Label Seema Gujral
Glamorous, yet wearable
Seema Gujral's designs for her eponymous label revolve around creating ensembles that reflect the beauty of India's traditional crafts with a contemporary touch. Made with excellent quality fabrics, each garment is customised according to the taste and requirements of the bride-to-be. In a chat with Fibre2fashion, the designer discusses the kind of growth her brand has seen in the last 3 years, the USP of her ensembles and future plans from the sustainability angle.
Fibre2Fashion: When and where was the company established? Who are the founders?
Myself with a team of three, opened my production house Iris, in 1994 in Noida, Uttar Pradesh. My designs reflect my unique vision. Each ensemble is carefully handcrafted, where the focus lies in intricate details and upholding the consistency of the art. It is a harmonious blend of classic heritage and new-age glamour.
Fibre2Fashion: Which are the categories the brand is into?
Fibre2Fashion: What is the USP of your products?
My products are glamorous, yet wearable.
Fibre2Fashion: Who are your target audience?
Adult women who can be based anywhere in the world.
Fibre2Fashion: What is your market positioning like?
We are in the premium segment.
Fibre2Fashion: What kind of brand building strategies do you implement?
We have launched an official website for the brand. Our marketing strategy has changed in the last 2 years and we are pushing the brand with A list celebrities and magazines. We have launched our last 3 campaigns with the top models and the best photographers in the business and revamped our social media which has given us great results.
Fibre2Fashion: Which category sells the most and what is the price point?
The lehenga category sells the most. Its price point is under 1 lakh.
Fibre2Fashion: What is your retail and web presence like?
We have our own studio in Noida, and we are also present in 15 multi-brand outlets (MBOs). Online, we have our presence in Aza, Ogaan, Ensemble, Pernia’s Pop-Up Shop.
Fibre2Fashion: Which are your major markets in India and abroad?
India, US, UK, Dubai
Fibre2Fashion: Which other product categories do you plan to move into future?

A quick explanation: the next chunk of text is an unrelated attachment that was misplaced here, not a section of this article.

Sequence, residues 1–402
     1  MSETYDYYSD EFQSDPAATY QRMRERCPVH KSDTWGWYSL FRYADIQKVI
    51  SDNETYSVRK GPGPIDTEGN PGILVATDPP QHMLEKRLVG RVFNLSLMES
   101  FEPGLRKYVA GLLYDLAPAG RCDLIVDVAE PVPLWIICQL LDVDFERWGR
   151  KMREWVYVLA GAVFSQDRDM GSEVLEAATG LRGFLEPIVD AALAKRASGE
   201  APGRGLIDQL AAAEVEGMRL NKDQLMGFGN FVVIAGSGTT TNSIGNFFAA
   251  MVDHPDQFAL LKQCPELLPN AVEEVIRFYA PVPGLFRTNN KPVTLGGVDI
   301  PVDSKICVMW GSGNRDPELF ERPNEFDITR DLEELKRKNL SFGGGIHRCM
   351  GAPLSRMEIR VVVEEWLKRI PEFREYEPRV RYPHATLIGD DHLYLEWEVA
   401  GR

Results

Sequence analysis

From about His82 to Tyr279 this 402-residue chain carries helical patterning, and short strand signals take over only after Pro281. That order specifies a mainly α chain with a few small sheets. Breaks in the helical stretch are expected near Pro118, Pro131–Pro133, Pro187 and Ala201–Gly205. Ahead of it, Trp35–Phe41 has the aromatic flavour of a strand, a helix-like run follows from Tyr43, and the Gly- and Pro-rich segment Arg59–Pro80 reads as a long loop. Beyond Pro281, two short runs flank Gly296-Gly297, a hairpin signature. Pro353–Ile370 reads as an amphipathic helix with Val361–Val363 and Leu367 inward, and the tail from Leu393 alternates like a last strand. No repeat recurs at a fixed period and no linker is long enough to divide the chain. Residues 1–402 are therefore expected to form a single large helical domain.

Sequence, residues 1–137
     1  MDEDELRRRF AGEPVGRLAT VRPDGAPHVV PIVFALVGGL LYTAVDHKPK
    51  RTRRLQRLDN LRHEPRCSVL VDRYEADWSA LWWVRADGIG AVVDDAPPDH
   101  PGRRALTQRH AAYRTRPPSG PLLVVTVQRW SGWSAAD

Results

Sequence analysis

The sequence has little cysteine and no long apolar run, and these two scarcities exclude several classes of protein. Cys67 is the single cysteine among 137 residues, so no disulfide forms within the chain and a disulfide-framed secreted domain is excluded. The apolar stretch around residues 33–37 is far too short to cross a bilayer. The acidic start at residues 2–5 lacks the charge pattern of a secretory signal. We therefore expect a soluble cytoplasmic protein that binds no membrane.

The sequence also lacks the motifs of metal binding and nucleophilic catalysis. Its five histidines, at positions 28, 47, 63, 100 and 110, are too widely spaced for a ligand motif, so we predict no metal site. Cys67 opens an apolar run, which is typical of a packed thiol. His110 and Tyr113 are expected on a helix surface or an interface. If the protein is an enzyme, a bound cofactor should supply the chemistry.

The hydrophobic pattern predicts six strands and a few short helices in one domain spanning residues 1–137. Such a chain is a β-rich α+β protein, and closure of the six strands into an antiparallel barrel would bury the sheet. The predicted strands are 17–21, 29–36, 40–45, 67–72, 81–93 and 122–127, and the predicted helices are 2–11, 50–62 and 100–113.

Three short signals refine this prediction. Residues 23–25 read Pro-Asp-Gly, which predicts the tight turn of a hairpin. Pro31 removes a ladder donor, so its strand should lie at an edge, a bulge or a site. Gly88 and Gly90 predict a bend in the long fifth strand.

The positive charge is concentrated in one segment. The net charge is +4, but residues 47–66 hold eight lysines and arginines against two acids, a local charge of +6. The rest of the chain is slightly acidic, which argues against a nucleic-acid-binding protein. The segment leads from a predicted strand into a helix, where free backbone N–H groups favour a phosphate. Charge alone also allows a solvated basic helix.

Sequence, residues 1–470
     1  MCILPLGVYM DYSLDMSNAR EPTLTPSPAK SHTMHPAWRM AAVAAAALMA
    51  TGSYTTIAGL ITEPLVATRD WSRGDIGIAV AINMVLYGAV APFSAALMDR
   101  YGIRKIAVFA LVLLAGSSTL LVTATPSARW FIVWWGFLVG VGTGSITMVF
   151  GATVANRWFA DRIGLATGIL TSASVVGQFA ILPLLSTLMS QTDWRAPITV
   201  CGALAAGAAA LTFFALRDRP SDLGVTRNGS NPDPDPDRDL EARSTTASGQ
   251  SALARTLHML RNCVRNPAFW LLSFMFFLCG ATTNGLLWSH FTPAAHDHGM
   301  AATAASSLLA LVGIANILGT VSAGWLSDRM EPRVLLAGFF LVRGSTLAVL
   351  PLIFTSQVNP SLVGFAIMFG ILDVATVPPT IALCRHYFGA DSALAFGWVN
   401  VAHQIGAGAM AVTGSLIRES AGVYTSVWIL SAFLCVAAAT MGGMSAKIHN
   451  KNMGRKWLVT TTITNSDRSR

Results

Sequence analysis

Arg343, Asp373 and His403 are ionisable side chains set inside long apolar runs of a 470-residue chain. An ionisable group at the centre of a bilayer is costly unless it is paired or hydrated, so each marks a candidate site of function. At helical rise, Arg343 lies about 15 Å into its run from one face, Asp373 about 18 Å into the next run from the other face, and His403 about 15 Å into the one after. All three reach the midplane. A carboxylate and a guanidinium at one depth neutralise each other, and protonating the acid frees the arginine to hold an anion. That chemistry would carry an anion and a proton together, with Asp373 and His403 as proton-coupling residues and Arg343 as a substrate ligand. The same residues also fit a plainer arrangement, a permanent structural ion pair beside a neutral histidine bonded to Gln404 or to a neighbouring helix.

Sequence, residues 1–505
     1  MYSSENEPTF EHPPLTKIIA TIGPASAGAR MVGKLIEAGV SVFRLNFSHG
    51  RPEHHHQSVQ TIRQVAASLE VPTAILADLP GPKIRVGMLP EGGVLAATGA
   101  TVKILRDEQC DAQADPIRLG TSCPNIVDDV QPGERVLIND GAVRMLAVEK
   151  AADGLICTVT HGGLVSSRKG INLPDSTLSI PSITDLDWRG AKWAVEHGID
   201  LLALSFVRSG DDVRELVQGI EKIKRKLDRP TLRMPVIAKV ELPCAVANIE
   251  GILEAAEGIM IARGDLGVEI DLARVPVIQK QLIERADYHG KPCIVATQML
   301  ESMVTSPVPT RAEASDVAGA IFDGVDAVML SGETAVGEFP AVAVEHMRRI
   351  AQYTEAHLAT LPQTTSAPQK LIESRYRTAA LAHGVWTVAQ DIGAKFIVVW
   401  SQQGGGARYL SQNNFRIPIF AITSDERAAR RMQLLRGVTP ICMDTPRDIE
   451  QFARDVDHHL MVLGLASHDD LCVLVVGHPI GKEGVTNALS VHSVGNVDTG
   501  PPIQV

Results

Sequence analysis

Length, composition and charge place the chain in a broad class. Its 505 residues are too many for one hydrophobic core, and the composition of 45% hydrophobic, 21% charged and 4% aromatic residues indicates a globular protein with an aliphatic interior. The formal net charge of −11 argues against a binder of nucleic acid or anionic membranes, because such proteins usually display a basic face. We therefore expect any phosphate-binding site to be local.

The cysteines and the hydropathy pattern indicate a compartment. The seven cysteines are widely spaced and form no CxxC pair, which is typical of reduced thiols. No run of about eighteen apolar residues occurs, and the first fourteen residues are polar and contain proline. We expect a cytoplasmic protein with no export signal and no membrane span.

We plan to move into menswear.
Fibre2Fashion: What has been your growth story in the last three years (excluding 2020)?
We launched the label three years ago and it has been a steady, happy growth.
Fibre2Fashion: What has been the impact of Covid in terms of sales, staff cutdown, rentals, stocks etc?
My personal clientele has increased significantly. We restarted gradually with fewer people but are currently running full throttle. In terms of stock -- there was a sudden pause, and we did have a lot of production in process but were able to liquidate the same at MBOs.
Fibre2Fashion: If you are looking for vendors, what are the top 3 qualities you look for beyond the givens of quality, lead time, compliances etc?
The vendors must have time commitment, pride in their own art, and a high effort level.
Fibre2Fashion: How does your supply chain network work? What regions of the world is part of your supply chain?
We mostly deal in Indian fabrics and source according to current trends from Varanasi, Bangalore, Jaipur, etc.
Fibre2Fashion: What is the annual production capacity?
5000 - 8000 ensembles.
Fibre2Fashion: How is the supply chain expected to change with increasing digitisation, AI, VR etc? And how is this going to impact the business of sourcing?
We find that our vendors have updated themselves with technology and are using imagery, video calls, etc to sell their product to us.
Fibre2Fashion: What kind of machinery does your manufacturing facility boast of? How much is spent on machine upgradation and maintenance annually?
We use modern, top-of-the-line sewing and finishing equipment. There is no definite budget, but we have an in-house maintenance team who update machinery as and when required.
Fibre2Fashion: Sustainability and circularity are the buzz words today. How do you incorporate them into your product lines?
Our current range is based on pure silk fabrics. We are gradually transitioning into using man-made fabrics made using sustainable fibres like eco-vera, bamboo cottons, and recycled polyesters. However, we do have a sister concern, that exports to the US and European markets for various fashion brands using end-to-end certified sustainable fabrics. We have also recently launched a domestic westernwear brand where conventional fabrics as well as sustainable fabrics are being used. (PC)
This interview was first published in the Feb 2021 edition of the print magazine
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